We Kiwis like to imagine we value and protect our environment, but on that score, we're failing.
It's not so much that we don't care, as that we don't care enough. And I suspect that has to do with the nature of the land itself.
See, we live in such a magical country that even though we've chopped, ploughed, dug, burned and otherwise extracted as much of its riches as we could over the past few hundred years, it's still somewhere most folk think a type of paradise.
That's why people visit, and what they expect. Certainly it's how we sell ourselves.
Growing up amidst the diversity of New Zealand's natural attributes blinds us to the creep of rot and the spoilage of beauty all around.
Truth is, it's tarnished, and has been for quite a long time.
With 985 creatures now at risk of extinction, 60 per cent of waterways unfit to swim in, and any number of equally alarming statistics telling us our land is chronically ill, we can no longer deny that degradation.
Thirty years ago, it seemed we had recognised this.
After years of lobbying by pesky "greenies", the Lange government created the Department of Conservation specifically to protect our natural heritage.
At the same time the Resource Management Act was being drafted, and we led the world in environmentally positive legislation.
By now, you would think, Aotearoa should be a shining example of how to meld a modern economy with sustainable practices; the real deal when it comes to living up to even half the 100% Pure promise.
But no. Because if there's one thing we Kiwis are good at, it's denial; and there's no better way to deny a problem than to pretend we've fixed it.
Even as DoC was starting the huge task of trying to manage the 30 per cent of the country they'd been entrusted with, including all the "best bits", they were being hamstrung by Treasury boffins who demanded every cent be justified and every dollar explained.
That attitude - that the environment has to justify itself like a profit-driven business - has continued to this day, resulting in budget cuts and restructurings almost yearly.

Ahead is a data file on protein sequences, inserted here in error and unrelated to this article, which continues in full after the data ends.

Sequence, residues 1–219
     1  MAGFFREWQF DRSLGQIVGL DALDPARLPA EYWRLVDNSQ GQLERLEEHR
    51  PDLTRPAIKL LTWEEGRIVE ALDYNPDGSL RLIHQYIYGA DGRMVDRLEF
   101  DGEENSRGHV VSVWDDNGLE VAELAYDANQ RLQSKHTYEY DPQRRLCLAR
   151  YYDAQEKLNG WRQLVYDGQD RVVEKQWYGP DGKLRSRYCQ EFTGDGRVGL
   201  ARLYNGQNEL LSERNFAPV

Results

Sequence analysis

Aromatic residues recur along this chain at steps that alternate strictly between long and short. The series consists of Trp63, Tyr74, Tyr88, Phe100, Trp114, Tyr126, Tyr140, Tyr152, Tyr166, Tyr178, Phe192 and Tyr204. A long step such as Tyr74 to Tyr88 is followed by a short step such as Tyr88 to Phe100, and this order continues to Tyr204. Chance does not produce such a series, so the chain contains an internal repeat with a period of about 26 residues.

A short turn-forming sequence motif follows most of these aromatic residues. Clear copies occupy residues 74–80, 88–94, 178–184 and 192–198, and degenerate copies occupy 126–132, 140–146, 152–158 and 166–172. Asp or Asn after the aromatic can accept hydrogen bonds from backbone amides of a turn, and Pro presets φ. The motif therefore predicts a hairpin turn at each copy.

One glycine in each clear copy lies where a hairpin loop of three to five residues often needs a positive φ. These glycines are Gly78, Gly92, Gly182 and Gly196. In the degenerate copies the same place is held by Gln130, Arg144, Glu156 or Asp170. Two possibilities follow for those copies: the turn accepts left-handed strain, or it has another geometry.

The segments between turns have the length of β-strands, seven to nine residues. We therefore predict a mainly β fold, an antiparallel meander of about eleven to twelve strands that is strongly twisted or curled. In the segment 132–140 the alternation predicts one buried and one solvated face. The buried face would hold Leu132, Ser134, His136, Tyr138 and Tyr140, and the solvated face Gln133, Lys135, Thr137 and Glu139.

So there are 20 per cent fewer DoC Rangers now than even seven years ago - with one-and-a-half endangered species for each of them. And that's just the wildlife.
Meanwhile the smash-and-grab neoliberal approach to the planet has incrementally neutered the RMA and corrupted the purpose of DoC, to the point the department did not even submit on the Denniston Plateau coal mining project in its preserve a few years back - and it remains to be seen how it will react to the newly announced application which would destroy Denniston's unique dwarf alpine forest with an open pit extracting coal for foreign consumption.
The ministers in charge are culpable. The current one, Maggie Barry, is busy trying to subvert the conservation estate's sanctity by trading some of it to enable the Ruataniwha irrigation scheme to proceed.
Now the "house full" signs are going up on our nine Great Walks because tourists are flocking in to buy the myth, but despite a fee increase DoC still isn't charging visitors enough to cover maintenance costs - and this seems to be being used to excuse a move to privatise access to some of our most iconic scenery.
This is our peculiar version of care: enough to put mechanisms in place to preserve our wonderland; not enough to ensure they actually work.
Put expediency before nature and she'll be right? She won't be, and she isn't. Deny that and we've lost the precious plot.